I’ve been asking Chad to turn our garage into a gym for years and 2020 is finally the year I got him to agree. I mean, sure.. it only took a pandemic and the country shutting down for it to happen, but hey.. I’m counting it as a silver lining in my playbook 😉 (pauses to set a reminder to find that movie and watch it again this week).
We’ve had a ton of people (mostly neighbors walking by to see who’s blaring the 90s rap from their garage in our yuppy neighborhood) want to know where and how we found everything in our gym. From the flooring, to the rig, to the dumbbells, to the booty bands, building our gym is something we’ve actually been working on over time for years. Girl, I’ve basically been building a home gym before building a home gym was cool 😉
One of my very first pieces of equipment was a 6 pound medicine ball I bought YEARS ago back when I still lived by myself in my apartment that used to flood. Ahh. The good ole’ days. I never use the thing anymore, but I can’t bear to part with it because at the time it seemed like such a splurge – and definitely a defining moment in my fitness journey from couch potato to 6 pound medicine ball lifter.
Building a gym in its entirety can seem overwhelming at first, especially if you’re trying to order equipment in the middle of a pandemic (because dumbbells are the new toilet paper, did you know?) But don’t let it stress you out. There’s zero reason to break the bank when trying to track down gym equipment. Here’s my hard-learned advice for trying to build a home gym without accidentally spending your entire life’s savings.
How to Build a Home Gym on a Budget
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Just like that 6 pound medicine ball I bought 13 years ago. If you don’t have the space, money, or resources to input an entire gym in your home, then buy the equipment that you can afford AND you can store reasonably. Some essentials to include may be:
- Booty Bands
- Resistance Bands
- Yoga Mat
- Medicine Ball
- Stability Ball
- Jump rope
- Bosu Ball
- Plyo Box
I love this inexpensive sandbag from Elite Sports. It ships relatively quick and comes empty so you can fill it with whatever you’d like. (Sand is my option but I’m guessing you could also probably use dried beans or something similar?) It can hold up to 39 pounds.
You’d be amazed at the amount of things you can do at home with just the few things listed above. (Some workouts you don’t even need equipment for, like this at-home bodyweight AMRAP). The best part is, everything in that list above is somewhat small; meaning you can easily store them away in a spare room, closet, or up on a shelf. This is especially helpful if you don’t have a dedicated “gym area” space in your home, or if you’re someone who travels a lot and wants to be able to take some equipment with you on the road. You can totally be that girl who busts out the booty bands at the airport and does walking squats up and down the aisles to pass the time and build your glutes. If anyone judges tell them you’re living your best healthy life. Or just say you’re doing it for the gram and whip out your selfie stick (another item that’s easily stored or packable!)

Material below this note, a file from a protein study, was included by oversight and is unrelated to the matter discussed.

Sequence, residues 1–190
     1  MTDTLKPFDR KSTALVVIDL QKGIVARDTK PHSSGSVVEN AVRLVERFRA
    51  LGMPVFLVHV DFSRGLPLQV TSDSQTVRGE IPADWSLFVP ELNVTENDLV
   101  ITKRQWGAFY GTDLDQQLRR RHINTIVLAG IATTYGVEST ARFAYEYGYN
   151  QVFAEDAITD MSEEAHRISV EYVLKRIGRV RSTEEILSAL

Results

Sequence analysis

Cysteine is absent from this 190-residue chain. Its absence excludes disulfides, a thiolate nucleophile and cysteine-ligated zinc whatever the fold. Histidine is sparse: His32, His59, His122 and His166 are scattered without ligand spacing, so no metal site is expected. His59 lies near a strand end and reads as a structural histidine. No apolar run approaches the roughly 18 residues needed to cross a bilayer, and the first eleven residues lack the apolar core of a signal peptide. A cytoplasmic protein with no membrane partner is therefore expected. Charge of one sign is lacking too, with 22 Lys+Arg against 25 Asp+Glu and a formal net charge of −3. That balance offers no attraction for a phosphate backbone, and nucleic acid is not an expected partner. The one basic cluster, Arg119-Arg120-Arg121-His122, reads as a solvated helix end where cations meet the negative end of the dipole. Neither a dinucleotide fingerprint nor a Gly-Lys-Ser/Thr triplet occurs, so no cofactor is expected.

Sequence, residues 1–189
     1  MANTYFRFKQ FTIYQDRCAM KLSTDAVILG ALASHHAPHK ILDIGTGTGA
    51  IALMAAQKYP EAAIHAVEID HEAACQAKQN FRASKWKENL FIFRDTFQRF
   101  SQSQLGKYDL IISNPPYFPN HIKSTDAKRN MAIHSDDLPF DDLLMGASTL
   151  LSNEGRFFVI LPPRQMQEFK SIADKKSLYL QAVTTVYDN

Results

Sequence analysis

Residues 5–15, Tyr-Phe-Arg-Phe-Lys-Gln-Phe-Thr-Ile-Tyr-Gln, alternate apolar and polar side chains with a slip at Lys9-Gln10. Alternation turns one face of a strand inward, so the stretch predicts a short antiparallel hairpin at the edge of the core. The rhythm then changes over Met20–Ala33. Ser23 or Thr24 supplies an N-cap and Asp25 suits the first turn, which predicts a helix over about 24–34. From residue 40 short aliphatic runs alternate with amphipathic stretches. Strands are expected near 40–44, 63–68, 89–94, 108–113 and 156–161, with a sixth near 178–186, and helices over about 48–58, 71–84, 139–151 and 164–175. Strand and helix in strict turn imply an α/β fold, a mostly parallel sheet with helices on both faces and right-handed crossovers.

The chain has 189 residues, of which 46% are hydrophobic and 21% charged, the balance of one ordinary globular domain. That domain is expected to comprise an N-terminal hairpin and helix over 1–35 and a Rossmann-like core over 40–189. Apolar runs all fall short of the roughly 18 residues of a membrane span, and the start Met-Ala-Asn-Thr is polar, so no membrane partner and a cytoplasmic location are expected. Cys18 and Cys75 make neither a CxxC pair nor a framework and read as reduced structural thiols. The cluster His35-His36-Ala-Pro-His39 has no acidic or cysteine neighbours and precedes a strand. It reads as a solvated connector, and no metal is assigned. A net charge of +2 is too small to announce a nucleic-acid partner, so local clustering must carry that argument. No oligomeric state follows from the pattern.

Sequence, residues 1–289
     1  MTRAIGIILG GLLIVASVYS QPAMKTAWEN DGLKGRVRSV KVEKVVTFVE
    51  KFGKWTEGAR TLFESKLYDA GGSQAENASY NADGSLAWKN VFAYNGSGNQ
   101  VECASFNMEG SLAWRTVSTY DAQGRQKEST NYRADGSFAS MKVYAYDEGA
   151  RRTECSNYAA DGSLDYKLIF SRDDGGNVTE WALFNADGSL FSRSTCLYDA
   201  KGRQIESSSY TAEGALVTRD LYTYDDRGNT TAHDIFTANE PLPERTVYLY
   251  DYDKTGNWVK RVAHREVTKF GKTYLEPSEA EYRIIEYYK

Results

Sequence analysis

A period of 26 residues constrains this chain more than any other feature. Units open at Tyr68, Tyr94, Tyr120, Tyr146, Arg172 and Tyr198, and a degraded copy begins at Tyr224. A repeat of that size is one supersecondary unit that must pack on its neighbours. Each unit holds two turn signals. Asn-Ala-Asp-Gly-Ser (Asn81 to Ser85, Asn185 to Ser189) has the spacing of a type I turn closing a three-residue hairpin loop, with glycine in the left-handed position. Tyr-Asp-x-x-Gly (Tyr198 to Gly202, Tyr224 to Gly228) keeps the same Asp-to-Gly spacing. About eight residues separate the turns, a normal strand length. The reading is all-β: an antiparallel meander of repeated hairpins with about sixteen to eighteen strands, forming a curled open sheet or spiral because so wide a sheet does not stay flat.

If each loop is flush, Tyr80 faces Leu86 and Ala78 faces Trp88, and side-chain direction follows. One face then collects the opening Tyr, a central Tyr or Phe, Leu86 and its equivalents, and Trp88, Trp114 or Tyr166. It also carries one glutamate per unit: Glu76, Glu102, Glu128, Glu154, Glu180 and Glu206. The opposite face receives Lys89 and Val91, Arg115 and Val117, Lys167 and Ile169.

Buy Second Hand
There’s no shame in buying equipment pre-owned. Places like Facebook Marketplace, garage sales, and even second hand shops are decent places to find gently used equipment. Just make sure if you do meet up with a stranger that you take a can of mace and a second person with you, you know, for safety purposes and all. But I have a friend who has a friend who basically got an entire home-gym system for like $200 from one of those Facebook marketplace sites. And it’s legit. I saw the pictures. Word on the street this friend of a friend might also be moving soon, so who knows – maybe it’ll end up back on the Facebook Marketplace and you’ll be able to buy it all yourself. Funny how the world turns, huh?
If You Splurge, Splurge Smart
Prioritize your wants from your needs. Getting a treadmill may seem cool, but are you going to actually run or walk on the thing? What I’m trying to say, is if you’re going to spend the money on an expensive piece of equipment, make sure it’s one that you’ll get the most use out of right away. For example: I hate biking. So it wouldn’t make sense for me to buy a stationary bike. I may want one, it may be a great addition to our gym, but if I’m going to spend the money on something, it may make more sense for me to buy a squat rack since I’m always lifting and my goal right now is to build muscle. Write down the things you want, and then narrow it down to what would be most essential right away. The rest you can save for later and add down the road (or snag once that guy posts it again on Facebook).
Adding the gym of your dreams to your home may take some time as your gym collection grows. But if you’re wanting to start now, you can definitely find some good deals, trustworthy equipment, and items that are easily storable as you work to build a home gym on a budget, without breaking the bank.